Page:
How long is ground school?

Ground school could be as quick as two months and you can solo an aircraft in another two months. That is fast paced but the average is a semester in college.

What feelings do you have when you first solo?

Maddie, It is a feeling that you have for the rest of your life! When I am asked this question I immediately get goose bumps and two mental photos I took come into view. The first is the instructor stepping out of the aircraft after my lesson and saying; “I want you to go out and do four landings to a full stop and then bring the aircraft back and tie it down”. “I will be waiting in the flight office for you”. I will always remember the smile on Neil Jennings face. Now Neil has done this so many times to his students that he can’t possibly remember the look of sheer terror on all his students faces, mine included. The second mental photo is sitting in the aircraft lined up for takeoff. Just me by myself, in an aircraft looking down 3000′ of runway. What a moment!

Neil weighed about 180 pounds and when I pulled back on the yoke and rotated the plane just leaped in the  air. What a difference in flying performance that made. At first I thought the plane wouldn’t stop climbing. I turned and flew downwind which is parallel to the runway but opposite of the direction you will be landing. Let me mention now that there are five names given to the traffic pattern around a private airport. Crosswind, downwind, base and upwind and final.(They are also called legs). This helps other pilots who are also in the traffic pattern have a situational awareness of other aircraft. Landings are always into the wind so after takeoff you turn left or right and this is called the crosswind turn. Your next turn is the downwind leg which is parallel to the runway and the wind is at your back. The next turn is your base leg and you will be perpendicular to the runway. Then you turn final and line up with the runway. The upwind leg is used to enter the traffic pattern and the wind is off the nose of the aircraft.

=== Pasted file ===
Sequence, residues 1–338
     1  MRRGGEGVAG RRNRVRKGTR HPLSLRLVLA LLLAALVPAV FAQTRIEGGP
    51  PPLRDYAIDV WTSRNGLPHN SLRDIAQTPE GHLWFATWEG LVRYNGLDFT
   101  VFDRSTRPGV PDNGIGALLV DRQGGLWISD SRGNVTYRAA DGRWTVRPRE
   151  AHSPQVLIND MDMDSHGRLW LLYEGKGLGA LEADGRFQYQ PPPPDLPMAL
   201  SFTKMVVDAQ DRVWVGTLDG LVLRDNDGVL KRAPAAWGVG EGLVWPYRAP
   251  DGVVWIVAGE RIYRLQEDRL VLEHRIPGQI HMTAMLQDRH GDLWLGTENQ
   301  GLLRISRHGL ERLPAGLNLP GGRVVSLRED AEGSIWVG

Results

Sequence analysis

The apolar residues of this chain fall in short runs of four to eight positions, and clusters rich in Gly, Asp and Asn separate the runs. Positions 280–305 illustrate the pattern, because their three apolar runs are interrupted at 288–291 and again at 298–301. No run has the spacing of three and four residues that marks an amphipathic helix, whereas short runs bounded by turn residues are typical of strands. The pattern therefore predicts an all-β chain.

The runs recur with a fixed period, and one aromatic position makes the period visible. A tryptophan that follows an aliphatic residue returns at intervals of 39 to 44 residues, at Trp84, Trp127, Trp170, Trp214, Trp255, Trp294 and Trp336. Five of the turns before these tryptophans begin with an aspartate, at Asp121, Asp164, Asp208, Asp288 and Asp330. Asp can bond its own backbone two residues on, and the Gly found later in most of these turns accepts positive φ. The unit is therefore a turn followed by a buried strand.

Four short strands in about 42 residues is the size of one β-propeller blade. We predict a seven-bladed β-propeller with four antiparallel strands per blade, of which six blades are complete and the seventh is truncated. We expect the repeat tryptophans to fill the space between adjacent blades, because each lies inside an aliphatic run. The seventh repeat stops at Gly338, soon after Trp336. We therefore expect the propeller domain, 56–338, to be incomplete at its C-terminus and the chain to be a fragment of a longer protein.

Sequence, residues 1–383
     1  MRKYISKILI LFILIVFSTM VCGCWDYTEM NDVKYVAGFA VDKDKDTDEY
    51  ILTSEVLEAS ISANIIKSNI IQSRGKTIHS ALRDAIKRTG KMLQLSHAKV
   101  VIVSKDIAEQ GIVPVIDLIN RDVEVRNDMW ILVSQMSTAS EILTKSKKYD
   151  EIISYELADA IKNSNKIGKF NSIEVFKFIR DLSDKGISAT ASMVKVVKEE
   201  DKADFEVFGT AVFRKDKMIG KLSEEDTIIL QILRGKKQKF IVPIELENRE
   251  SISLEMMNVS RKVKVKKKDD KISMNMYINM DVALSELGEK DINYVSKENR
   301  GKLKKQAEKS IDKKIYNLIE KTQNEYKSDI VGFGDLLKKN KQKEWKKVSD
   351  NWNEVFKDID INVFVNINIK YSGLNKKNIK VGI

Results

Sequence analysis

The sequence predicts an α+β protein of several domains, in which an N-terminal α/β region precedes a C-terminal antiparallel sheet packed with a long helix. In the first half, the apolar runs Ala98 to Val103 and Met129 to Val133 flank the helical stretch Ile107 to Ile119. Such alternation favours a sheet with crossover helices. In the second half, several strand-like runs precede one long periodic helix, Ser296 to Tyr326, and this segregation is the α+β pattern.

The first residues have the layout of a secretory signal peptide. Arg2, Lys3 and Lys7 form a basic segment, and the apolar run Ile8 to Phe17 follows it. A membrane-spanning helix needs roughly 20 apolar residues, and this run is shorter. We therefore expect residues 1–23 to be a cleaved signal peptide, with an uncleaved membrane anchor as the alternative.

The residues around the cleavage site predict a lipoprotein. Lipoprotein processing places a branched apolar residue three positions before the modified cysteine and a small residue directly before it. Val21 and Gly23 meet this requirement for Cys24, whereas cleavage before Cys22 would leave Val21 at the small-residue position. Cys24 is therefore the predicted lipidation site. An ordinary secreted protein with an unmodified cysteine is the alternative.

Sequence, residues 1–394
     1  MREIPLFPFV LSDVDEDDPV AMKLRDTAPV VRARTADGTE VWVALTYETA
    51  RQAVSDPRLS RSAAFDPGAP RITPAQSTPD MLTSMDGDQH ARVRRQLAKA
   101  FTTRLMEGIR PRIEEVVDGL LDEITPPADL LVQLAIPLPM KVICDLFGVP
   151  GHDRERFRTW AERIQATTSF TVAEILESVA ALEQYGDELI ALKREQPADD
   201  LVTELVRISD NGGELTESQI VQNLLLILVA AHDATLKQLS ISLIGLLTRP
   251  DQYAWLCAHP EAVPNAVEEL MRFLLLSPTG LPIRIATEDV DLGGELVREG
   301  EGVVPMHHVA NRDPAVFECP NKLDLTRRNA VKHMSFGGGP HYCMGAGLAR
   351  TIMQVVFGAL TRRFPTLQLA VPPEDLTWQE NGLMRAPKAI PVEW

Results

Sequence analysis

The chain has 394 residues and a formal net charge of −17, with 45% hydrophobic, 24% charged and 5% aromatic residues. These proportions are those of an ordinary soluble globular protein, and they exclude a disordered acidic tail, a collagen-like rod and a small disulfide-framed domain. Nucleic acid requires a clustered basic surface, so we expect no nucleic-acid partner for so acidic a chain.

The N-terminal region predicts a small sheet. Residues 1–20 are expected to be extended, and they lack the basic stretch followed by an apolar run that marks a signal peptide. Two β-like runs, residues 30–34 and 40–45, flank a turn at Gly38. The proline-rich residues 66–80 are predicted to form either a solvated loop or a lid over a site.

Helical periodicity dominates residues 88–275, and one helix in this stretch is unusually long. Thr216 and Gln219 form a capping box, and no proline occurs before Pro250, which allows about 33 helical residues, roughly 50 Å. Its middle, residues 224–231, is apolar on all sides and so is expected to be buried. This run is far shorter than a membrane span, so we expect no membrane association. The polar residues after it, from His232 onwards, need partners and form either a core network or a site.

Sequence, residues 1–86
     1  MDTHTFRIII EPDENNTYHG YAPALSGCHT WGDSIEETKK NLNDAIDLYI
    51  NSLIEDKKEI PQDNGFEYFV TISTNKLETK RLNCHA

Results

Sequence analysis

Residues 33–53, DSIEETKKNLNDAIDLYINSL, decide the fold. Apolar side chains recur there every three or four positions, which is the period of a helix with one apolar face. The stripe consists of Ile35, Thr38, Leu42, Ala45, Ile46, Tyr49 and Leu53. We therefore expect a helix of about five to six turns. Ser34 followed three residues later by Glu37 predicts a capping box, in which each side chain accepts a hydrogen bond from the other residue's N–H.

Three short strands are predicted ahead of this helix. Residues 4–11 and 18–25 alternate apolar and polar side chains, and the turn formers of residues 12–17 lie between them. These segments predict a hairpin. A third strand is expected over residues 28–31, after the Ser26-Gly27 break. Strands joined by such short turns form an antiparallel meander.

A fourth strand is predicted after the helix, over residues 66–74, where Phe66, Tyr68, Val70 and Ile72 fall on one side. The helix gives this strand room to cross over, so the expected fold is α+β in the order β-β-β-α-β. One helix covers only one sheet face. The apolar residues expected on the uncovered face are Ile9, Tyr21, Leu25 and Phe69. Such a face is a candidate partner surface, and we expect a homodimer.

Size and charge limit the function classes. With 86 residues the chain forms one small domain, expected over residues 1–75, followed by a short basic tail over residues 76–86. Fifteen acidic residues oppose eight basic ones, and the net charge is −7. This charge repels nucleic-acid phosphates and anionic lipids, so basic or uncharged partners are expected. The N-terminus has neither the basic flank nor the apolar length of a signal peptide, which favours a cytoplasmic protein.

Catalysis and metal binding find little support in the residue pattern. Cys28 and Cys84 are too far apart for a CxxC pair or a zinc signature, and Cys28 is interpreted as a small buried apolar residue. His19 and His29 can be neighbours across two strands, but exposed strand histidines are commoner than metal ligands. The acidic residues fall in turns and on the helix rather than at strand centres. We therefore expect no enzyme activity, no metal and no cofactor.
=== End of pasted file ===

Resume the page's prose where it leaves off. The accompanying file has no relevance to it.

So here I am in the traffic pattern. I’m thinking I am really doing this! What is that noise? Was it always there? What if I have an engine failure! What do I do? What if my radio’s fail! What do I do? On and on my mind is going a mile a minute which is only 88 feet per second so I begin to calm down and just enjoyed  flying. Also in the back of my mind all my training was being brought to the front and now I am ready!

What options do women who fly have for careers?